"We can't prematurely claim that we've achieved our ultimate goal, because we haven't; this really is a single step along that path. But it's a very important and very significant step."—Dr. Stephen Russell, a researcher at the Mayo Clinic who specializes in oncologyc virotherapy, on the "huge milestone" in cancer treatment development that is T-VEC (tamilogene laherparepvec)—"a single treatment that can intelligently target cancer cells while leaving healthy ones alone, and simultaneously stimulates the immune system to fight the cancer itself...by introducing a specially modified form of the herpes virus by injection directly into a tumour—specifically skin cancer, the indication for which the drug has been cleared for use."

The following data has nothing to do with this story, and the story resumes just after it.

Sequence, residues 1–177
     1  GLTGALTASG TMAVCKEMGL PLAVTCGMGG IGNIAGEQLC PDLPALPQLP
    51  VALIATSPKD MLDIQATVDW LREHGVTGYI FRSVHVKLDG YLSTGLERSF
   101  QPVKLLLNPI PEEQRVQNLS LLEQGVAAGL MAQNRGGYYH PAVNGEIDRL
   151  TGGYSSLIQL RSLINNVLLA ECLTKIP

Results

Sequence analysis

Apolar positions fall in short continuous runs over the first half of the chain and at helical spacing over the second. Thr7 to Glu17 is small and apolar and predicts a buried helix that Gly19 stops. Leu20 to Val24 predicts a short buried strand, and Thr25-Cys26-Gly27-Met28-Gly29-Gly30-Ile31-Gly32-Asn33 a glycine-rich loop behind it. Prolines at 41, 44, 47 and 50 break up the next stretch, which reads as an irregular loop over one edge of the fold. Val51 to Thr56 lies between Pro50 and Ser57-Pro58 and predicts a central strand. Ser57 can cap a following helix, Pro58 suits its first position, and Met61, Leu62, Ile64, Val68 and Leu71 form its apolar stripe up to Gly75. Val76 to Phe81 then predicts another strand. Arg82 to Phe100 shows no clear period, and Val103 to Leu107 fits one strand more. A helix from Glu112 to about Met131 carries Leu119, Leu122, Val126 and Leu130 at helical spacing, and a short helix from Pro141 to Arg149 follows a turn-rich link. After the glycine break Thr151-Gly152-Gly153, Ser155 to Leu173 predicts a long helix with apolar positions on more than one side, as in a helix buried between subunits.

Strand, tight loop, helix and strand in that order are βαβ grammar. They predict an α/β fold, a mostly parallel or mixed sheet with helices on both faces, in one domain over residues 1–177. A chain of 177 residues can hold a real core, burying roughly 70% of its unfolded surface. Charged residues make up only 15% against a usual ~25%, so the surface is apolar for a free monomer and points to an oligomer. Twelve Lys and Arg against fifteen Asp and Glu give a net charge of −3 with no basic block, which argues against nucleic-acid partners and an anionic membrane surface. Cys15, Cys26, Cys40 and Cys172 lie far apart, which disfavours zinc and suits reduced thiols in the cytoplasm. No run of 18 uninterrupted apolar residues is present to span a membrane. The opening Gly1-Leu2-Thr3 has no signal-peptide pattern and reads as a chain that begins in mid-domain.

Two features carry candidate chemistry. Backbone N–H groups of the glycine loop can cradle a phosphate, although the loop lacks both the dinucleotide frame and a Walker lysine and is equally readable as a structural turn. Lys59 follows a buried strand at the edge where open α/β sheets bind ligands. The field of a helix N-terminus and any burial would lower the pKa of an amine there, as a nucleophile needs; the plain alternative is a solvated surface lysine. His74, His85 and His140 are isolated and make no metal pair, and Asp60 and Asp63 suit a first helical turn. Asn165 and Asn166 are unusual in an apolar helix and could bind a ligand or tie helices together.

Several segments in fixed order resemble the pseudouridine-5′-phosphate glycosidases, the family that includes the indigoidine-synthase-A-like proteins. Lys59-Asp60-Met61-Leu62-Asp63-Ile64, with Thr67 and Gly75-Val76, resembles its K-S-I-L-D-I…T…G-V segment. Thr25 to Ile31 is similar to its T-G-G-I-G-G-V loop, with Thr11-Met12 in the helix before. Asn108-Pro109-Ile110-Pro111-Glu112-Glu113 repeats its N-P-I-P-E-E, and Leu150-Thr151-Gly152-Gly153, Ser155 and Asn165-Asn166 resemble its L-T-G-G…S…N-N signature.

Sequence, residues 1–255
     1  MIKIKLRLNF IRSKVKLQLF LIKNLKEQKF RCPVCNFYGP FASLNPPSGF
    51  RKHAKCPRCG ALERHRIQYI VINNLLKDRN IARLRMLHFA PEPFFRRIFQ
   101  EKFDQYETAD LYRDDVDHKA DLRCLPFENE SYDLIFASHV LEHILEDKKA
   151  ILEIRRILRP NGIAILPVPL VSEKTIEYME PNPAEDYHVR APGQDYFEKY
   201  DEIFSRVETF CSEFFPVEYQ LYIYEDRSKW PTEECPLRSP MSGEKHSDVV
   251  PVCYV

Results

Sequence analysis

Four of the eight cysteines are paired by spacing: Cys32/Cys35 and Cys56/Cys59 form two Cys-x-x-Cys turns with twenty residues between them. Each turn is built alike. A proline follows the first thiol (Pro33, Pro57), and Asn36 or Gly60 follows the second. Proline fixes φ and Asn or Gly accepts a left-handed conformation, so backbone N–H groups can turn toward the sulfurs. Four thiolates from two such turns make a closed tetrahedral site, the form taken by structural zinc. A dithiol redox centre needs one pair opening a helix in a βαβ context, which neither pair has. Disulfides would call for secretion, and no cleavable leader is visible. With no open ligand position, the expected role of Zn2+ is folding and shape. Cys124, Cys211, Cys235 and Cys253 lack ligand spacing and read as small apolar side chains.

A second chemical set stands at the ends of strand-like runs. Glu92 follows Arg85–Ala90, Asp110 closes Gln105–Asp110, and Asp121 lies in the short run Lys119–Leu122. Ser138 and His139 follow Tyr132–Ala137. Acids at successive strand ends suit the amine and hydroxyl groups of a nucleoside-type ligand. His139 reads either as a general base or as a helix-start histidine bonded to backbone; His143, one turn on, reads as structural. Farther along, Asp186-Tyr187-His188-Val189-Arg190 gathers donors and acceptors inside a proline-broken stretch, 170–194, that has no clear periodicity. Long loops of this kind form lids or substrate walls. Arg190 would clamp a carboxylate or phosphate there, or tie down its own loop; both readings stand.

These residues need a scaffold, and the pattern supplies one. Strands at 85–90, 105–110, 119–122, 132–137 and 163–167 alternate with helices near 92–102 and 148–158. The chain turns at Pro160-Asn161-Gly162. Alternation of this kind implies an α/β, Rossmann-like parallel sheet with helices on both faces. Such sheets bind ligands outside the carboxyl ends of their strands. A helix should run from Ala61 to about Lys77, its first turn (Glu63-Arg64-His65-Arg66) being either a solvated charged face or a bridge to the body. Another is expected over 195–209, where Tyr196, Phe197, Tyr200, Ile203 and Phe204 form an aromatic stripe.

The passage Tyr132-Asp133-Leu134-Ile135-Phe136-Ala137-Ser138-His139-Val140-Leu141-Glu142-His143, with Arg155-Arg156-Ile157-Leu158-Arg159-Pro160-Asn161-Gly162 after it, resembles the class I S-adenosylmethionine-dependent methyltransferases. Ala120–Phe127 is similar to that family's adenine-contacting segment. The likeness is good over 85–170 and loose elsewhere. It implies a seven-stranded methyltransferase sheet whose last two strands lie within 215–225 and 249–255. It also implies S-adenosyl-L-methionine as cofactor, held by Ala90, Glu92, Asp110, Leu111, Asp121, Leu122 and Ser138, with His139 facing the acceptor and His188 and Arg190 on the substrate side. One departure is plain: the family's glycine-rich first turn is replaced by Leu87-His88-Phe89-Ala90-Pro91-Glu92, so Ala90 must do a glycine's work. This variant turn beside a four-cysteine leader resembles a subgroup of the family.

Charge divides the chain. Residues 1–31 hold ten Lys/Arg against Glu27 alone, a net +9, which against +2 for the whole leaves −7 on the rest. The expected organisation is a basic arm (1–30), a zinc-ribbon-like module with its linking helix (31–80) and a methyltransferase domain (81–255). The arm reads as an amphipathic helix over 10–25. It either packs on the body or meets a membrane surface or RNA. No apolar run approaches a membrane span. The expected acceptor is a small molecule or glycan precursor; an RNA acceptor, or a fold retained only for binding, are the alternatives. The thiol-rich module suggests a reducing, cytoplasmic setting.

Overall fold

The FDA approved T-VEC last week; it will be sold under the brand name Imlygic.
Imlygic itself has an officially fairly modest effect coming out of its clinical studies—an average lifespan increase of less than five months. But underneath that data, Russell said anecdotally that in his Mayo clinic studies in mice, some programmable viruses saw "large tumours completely disappearing."Just a single step, but a big one.
The goal, he said, was to get to the point where the clinical trials would see similarly dramatic outcomes, so that chemotherapy and radiotherapy could finally be consigned to medical history.